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Transient Inducible Events in Different Tissues:in situStudies in the Context of the Development and Expression of the Immune Responses to Intracellular Pathogens

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DOI: 10.1016/s0171-2985(11)80447-x
  • Ecology
  • Geography
  • Medicine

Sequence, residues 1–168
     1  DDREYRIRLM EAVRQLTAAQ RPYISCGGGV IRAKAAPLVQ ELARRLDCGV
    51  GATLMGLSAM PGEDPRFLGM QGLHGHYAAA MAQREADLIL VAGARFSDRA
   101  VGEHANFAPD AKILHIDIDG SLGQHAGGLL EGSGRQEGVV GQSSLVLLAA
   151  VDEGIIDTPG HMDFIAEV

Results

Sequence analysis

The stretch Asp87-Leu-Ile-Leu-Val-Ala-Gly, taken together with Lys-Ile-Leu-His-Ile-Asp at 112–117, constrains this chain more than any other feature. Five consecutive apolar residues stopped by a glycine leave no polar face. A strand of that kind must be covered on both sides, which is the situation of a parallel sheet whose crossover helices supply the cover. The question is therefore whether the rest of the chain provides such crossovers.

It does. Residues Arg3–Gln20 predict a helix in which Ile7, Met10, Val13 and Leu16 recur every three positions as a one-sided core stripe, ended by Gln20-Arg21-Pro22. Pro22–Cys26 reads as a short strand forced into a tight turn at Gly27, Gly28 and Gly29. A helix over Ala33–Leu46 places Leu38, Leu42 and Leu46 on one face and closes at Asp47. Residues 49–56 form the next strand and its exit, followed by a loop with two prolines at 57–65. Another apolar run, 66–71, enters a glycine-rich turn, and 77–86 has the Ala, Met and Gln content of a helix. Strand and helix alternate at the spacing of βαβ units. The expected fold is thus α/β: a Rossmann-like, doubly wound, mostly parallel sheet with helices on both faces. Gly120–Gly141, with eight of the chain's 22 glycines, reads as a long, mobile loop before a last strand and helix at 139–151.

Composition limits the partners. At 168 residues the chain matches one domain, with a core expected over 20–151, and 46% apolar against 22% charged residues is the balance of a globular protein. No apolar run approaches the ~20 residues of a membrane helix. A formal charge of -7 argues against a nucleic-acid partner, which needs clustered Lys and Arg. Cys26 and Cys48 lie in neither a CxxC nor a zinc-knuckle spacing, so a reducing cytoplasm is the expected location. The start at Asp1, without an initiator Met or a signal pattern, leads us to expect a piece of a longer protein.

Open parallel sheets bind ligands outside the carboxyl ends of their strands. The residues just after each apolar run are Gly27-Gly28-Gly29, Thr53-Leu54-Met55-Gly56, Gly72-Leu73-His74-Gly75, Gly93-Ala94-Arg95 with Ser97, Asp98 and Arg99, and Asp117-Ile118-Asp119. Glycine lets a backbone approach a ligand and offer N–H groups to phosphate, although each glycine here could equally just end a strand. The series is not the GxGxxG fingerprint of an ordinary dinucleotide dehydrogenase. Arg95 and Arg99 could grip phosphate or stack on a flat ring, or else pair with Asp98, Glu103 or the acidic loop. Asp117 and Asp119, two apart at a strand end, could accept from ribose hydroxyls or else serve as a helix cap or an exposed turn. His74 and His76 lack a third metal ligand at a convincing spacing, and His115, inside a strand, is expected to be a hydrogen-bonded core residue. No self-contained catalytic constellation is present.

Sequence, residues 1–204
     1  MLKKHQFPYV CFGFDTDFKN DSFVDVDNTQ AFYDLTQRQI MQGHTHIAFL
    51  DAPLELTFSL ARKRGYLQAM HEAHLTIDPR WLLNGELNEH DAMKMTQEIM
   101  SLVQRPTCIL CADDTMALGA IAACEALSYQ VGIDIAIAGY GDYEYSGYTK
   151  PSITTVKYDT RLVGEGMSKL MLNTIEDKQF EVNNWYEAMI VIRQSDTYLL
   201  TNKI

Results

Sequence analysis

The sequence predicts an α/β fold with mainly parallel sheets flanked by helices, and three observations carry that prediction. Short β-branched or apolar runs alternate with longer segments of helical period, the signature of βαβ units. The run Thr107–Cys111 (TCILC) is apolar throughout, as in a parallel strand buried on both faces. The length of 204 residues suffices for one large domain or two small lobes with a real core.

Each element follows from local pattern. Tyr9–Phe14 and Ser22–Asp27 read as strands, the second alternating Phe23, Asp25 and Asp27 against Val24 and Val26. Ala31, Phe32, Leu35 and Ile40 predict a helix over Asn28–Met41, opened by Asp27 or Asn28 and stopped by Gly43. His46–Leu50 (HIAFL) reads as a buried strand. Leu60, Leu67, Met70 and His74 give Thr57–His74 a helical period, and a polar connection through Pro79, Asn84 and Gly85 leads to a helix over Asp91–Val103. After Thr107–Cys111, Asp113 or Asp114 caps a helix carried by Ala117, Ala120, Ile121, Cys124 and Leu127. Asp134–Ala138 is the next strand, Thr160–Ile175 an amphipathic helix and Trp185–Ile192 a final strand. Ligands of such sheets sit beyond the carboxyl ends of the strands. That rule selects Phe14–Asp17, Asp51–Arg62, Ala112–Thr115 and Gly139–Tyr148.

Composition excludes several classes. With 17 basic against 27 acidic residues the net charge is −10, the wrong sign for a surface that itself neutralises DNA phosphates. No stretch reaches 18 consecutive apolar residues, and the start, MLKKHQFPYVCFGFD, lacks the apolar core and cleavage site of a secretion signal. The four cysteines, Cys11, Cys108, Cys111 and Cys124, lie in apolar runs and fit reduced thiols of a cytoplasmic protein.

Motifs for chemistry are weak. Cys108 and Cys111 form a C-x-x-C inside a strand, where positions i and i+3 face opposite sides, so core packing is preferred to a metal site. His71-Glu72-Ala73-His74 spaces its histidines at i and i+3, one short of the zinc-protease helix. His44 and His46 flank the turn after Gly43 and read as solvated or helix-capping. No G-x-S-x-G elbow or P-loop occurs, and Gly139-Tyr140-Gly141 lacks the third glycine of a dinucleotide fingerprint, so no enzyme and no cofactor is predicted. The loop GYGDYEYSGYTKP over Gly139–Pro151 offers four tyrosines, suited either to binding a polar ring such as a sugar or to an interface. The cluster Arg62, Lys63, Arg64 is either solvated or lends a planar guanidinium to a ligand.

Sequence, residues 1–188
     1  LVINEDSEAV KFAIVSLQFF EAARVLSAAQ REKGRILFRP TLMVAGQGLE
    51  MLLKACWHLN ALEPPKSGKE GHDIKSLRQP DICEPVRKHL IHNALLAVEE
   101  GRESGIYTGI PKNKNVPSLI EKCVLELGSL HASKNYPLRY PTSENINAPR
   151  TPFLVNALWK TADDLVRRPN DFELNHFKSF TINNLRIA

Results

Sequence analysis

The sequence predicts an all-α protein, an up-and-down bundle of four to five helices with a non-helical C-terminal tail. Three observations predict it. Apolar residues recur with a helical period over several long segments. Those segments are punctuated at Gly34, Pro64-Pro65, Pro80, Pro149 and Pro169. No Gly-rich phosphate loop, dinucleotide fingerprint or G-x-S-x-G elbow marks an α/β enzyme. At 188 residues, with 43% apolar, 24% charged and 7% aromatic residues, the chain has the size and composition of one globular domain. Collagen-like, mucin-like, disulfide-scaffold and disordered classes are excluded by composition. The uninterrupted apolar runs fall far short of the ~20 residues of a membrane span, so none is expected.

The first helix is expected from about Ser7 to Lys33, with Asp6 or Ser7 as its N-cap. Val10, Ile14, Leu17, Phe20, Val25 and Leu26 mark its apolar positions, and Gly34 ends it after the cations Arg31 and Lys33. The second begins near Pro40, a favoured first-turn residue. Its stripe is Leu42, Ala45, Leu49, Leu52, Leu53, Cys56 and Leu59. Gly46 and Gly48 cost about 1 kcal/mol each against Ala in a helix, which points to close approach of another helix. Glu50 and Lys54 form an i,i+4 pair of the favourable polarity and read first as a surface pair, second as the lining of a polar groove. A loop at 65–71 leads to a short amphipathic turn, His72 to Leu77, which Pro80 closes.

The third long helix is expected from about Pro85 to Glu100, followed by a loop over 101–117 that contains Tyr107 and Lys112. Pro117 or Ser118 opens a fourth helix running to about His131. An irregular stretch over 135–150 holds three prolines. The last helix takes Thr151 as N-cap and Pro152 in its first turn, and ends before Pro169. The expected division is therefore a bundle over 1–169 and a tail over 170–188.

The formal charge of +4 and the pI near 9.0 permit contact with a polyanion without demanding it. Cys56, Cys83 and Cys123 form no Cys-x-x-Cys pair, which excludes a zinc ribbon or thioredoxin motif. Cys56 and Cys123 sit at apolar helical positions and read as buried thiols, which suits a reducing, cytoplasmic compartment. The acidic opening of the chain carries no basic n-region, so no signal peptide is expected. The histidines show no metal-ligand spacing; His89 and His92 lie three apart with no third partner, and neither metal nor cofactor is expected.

Abstract Intracellular pathogens whether facultative like Mycobacterium sp., e.g. Bacillus Calmette Guérin, Listeria monocytogenes or strictly intracellular like Leishmania sp. initiate either asymptomatic infectious processes or disease depending both on factors of the host (genetic as well as environmental ones) and the infectious/pathogenic agents. In this contribution, we first summarized informations which justify to develop in situ analysis to decipher the sequential events that result in different modes/classes of immune responses. How the mode of the immune response is determined remains a main question to address. Although it has recently become clear, in vitro, that immunocompetent cells and their cytokines are critical to set on a stable mode of immune response, acting on naive T cells, this area deserves more in vivo studies. Indeed, peripheral T cells, at different stages of differentiation, may exist in vivo (a) naive/virgin, (b) experienced, (c) effector T cells, depending on the level of stimulation of the immune system by either endogenous or exogenous (e. g. gut flora) signals. The three chosen examples illustrate our contributions in this field focusing on three different non-lymphoid tissues which may become infected: bone marrow (Bacille de Calmette Guerin), liver ( Listeria monocytogenes), skin ( Leishmania major). These three illustrations also allow to attract attention on the interest of using mice of genetically different strains the immune response of which is set up under different modes.

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